Rashid Khalidi, the celebrated historian of the modern Middle East who has become entangled in the recent controversy over Middle East studies at Columbia, may leave the University to teach at Princeton.
Khalidi, the Edward Said Professor of Arab Studies and the director of Columbia's Middle East Institute, is a candidate for a newly endowed chair in contemporary Middle East studies at Princeton, officials at that university confirmed last week. On March 31, he went to Princeton to give a "job talk," a public lecture that is normally one component in the recruitment and assessment of candidates for faculty appointments.
A noted scholar specializing in Palestinian, Syrian, and Arab nationalism, Khalidi came to Columbia's history department two years ago as a high-profile recruit from the University of Chicago. But since the announcement of his appointment, he has been a frequent target of critics who perceive a strong pro-Palestinian bias in Columbia's Middle East studies curriculum.
Just two and a half months ago, after The New York Sun reported that Khalidi has called Israel a "racist" and "apartheid" state, the New York City Department of Education dismissed Khalidi from a professional-development program in which he had been scheduled to give a lecture to public school teachers on Middle East politics.
The dismissal came at the height of this semester's divisive controversy over alleged bias and intimidation by certain Middle East studies professors at Columbia. No students, however, have publicly said they felt abused or intimidated by Khalidi, and Columbians for Academic Freedom, a group defending the students who have brought complaints, has praised Khalidi as a responsible teacher.
Khalidi would not comment on his candidacy for the Princeton job. Asked about the turmoil that has surrounded Middle East studies at Columbia this semester, he said only, "I think it's been a frustrating experience for many people."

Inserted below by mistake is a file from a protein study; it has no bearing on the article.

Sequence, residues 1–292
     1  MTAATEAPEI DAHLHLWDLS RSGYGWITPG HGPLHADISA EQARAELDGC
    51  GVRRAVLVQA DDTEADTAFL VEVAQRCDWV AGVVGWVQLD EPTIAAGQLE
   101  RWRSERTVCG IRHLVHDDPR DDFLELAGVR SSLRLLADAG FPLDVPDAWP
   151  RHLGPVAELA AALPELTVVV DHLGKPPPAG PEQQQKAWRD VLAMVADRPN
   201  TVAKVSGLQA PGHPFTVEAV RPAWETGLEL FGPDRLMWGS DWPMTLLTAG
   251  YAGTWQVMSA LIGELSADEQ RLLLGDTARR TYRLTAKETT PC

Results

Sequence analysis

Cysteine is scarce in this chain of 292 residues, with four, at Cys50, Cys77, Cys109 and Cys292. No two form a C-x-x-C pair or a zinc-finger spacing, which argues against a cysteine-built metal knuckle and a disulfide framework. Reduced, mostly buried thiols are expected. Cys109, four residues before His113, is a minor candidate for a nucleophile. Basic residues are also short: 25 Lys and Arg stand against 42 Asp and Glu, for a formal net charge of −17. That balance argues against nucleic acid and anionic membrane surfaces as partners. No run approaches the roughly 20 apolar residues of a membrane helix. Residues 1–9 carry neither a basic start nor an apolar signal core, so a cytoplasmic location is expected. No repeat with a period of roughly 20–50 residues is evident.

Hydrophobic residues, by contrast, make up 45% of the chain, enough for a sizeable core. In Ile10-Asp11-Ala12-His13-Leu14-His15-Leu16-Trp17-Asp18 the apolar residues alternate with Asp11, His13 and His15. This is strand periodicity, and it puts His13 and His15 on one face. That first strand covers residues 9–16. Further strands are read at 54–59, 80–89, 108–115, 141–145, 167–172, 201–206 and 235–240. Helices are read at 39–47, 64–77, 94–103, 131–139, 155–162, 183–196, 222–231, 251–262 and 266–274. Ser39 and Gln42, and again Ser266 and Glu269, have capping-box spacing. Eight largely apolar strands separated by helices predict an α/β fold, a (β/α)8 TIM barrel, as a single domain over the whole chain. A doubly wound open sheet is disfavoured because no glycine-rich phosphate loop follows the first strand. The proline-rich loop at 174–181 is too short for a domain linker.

At Princeton, news of his candidacy was already sparking disagreement last week.
The interim director of Princeton's Center for Jewish Life, Arlene Pedovitch, told The Daily Princetonian that she has received numerous phone calls and e-mails from alumni who are opposed to Khalidi's appointment. Pedovitch also said she worries that by hiring Khalidi, Princeton would renew an old image of a university hostile to Jewish students.
But Princeton officials, intent on staving off the sort of controversy that has shaken Columbia this year, said the decision on whom to hire would be based only on a professor's scholarship, not on his political views.
"We're not interested in hiring racists or bigots, but we believe in intellectual pluralism," said Jeremy Adelman, the chair of Princeton's history department, adding that he has heard "nothing but excitement" about Khalidi's candidacy.
"We'll make our decision based on his scholarship, and his scholarship right now looks very exciting," Adelman said.
A search committee at Princeton will choose one of the several finalists for the professorship, which is being endowed by and named for Robert Niehaus, a businessman and Princeton alumnus. The position is not attached to a specific department, but if Khalidi were chosen, he would take an appointment in the history department. Before he could join the department, Princeton's history department faculty would have to vote to approve the appointment